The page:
The American Health Care Plan

Published April 12, 2021

The United States is at an important crossroads for health care and the nation’s economy. President Joe Biden and congressional Democrats, at the urging of the party’s left-wing base, insist that America should adopt either a European-style single-payer health care system or a “public option,” which would inevitably lead to a single-payer system by driving private health insurers out of business.

Republicans rightly argue a government-funded universal health care model, regardless of how it is structured, would create massive problems, including a loss of liberty, rationing of services, and long wait times for patients—an issue that would lead to premature deaths and unnecessary suffering. However, those on the right have continuously failed to present a clear and concise plan to the public for reforming America’s broken health care system.

The purpose of this paper is to provide Americans with a pro-liberty, conservative proposal to fix the U.S. health insurance system, lower health care costs, and create universal or near-universal access to health care services—not by force or coercion, but through free-market reforms and improvement of existing social safety nets.

This Policy Study begins by briefly outlining the failures of the Affordable Care Act, commonly known as “Obamacare,” and the shortcomings of our current health care system. It then offers to lawmakers and the public a commonsense plan to create a pro-liberty health care system that would make health coverage available to all Americans without compromising quality or putting individual liberty at risk.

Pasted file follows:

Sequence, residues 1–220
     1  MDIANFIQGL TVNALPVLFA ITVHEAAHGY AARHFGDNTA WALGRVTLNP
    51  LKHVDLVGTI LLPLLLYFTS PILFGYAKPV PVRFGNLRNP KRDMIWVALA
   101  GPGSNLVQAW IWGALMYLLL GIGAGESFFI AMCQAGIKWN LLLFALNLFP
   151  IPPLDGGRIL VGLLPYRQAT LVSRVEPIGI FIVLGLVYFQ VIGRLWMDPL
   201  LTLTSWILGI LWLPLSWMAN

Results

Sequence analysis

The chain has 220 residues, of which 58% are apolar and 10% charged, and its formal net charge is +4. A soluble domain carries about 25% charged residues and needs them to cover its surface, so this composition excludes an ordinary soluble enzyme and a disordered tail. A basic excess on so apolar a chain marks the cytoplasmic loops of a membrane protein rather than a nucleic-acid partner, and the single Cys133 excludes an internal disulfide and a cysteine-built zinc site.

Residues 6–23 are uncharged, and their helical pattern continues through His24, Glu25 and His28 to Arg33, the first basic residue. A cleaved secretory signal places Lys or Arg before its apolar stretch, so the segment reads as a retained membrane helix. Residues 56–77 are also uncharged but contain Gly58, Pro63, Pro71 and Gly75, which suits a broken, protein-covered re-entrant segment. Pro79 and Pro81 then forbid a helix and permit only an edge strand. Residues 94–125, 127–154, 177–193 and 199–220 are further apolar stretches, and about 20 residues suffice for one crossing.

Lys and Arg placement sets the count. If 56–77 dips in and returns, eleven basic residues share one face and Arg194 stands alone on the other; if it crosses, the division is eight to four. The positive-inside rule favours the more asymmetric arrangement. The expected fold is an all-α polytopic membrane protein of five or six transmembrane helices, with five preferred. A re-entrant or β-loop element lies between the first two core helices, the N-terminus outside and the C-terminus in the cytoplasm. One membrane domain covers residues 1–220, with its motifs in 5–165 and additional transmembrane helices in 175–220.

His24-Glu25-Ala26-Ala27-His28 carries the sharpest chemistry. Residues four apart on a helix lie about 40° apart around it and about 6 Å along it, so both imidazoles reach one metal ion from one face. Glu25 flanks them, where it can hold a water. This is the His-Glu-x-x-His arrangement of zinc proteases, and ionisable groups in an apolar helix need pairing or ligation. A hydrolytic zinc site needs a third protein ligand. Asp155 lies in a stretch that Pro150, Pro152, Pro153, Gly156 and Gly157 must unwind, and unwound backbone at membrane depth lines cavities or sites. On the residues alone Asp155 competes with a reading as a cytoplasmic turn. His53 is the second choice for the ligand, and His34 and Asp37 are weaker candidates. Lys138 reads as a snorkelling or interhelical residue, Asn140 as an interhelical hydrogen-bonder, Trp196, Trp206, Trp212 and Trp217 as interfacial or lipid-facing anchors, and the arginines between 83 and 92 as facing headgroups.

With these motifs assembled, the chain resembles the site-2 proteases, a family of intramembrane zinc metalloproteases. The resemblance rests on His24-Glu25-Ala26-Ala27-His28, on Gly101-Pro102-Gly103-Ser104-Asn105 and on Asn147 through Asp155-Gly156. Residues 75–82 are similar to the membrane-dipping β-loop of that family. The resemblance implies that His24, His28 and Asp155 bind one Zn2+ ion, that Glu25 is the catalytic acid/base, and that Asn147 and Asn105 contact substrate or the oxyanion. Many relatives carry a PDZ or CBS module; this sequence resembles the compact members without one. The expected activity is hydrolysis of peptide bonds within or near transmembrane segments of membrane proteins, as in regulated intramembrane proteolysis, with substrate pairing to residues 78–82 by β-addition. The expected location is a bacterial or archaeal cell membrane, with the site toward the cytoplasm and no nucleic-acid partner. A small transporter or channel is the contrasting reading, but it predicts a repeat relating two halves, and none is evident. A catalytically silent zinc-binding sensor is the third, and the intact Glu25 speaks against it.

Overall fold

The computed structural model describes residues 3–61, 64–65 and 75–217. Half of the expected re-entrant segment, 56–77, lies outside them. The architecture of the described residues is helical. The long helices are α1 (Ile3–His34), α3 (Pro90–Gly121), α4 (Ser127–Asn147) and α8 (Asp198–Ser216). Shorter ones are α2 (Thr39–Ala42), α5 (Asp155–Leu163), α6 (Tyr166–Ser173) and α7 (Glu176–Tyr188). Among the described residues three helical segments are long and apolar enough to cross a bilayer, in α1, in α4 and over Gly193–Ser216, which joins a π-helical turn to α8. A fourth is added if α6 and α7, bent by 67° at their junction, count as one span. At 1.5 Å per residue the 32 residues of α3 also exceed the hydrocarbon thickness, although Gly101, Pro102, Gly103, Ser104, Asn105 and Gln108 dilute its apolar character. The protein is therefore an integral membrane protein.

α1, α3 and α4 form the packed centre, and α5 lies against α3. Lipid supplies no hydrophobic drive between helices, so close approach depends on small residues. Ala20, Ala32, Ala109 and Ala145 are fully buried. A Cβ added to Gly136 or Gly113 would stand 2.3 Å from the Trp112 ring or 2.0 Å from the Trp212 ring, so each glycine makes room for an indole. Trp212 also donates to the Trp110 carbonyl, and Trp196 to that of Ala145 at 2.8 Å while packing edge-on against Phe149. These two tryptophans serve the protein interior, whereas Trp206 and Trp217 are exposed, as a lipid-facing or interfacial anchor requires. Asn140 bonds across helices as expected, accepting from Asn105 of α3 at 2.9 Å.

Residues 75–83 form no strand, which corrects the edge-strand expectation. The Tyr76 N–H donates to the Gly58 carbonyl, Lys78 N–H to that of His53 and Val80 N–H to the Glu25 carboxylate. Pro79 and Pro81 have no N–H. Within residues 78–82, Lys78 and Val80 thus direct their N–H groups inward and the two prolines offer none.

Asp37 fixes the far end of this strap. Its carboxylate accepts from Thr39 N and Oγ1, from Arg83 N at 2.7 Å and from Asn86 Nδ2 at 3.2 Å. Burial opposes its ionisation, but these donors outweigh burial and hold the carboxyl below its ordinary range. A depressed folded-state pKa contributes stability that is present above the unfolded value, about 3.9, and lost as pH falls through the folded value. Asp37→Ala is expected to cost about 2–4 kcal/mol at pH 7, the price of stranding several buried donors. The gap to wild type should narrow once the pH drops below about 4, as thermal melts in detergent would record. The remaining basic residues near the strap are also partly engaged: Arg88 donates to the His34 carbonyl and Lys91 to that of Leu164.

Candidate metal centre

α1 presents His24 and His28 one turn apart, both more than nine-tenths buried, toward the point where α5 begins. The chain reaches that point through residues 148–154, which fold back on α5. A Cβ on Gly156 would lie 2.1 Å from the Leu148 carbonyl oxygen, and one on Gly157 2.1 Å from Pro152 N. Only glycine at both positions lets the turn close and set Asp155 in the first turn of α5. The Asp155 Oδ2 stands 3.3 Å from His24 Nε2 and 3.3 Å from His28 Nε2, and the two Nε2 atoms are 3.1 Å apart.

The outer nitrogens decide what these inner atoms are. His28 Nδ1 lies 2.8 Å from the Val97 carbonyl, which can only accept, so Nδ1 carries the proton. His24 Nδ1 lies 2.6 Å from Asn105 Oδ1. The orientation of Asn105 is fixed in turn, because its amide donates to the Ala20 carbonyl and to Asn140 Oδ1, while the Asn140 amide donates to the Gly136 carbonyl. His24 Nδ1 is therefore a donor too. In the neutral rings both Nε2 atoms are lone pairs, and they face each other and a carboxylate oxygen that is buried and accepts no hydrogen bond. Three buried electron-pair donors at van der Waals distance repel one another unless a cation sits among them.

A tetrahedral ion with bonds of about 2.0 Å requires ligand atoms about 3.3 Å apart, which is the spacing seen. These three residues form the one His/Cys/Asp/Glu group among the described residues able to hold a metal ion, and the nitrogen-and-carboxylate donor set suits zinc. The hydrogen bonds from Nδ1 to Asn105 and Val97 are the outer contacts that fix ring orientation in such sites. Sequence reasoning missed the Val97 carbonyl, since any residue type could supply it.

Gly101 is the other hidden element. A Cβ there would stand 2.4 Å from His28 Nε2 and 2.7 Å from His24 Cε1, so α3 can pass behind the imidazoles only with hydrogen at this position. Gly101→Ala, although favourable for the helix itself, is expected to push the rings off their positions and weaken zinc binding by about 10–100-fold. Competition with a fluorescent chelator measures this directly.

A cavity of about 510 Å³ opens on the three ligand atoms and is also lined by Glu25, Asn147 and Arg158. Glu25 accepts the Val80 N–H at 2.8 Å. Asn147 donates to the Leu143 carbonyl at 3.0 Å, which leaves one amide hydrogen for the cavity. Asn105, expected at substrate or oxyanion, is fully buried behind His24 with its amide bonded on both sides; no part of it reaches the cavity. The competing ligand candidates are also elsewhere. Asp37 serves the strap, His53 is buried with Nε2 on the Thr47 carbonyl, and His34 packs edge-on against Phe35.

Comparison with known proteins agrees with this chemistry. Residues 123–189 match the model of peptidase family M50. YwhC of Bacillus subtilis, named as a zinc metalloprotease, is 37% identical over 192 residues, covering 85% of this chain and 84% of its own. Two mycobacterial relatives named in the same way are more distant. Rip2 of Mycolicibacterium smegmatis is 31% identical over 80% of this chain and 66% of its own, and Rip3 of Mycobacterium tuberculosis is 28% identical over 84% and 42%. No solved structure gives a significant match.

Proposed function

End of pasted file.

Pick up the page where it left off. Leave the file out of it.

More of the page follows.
The plan is laid out in two distinct parts. The first (Section 2, beginning on page 8) describes a proposal to reduce health care costs and establish a new “Health Ownership Accounts” program, which would supplement and ultimately replace the United States’ existing and irrevocably broken employer-sponsored model. 

The second part of the proposal (Section 3, beginning on page 17) would provide substantial improvements and reforms to Medicaid, giving lower-income and poor families greater access to higher-quality health care services.

As this paper shows, those who make the assertion that the only way to provide all Americans with access to health coverage is to give the federal government total control over and management of the nation’s health care system are completely wrong. There is no denying that the current health insurance model in the United States is severely flawed, but giving more power to the very same government that caused the creation of the current, failing model would not solve the present crisis and would make things much worse. There is a better way forward.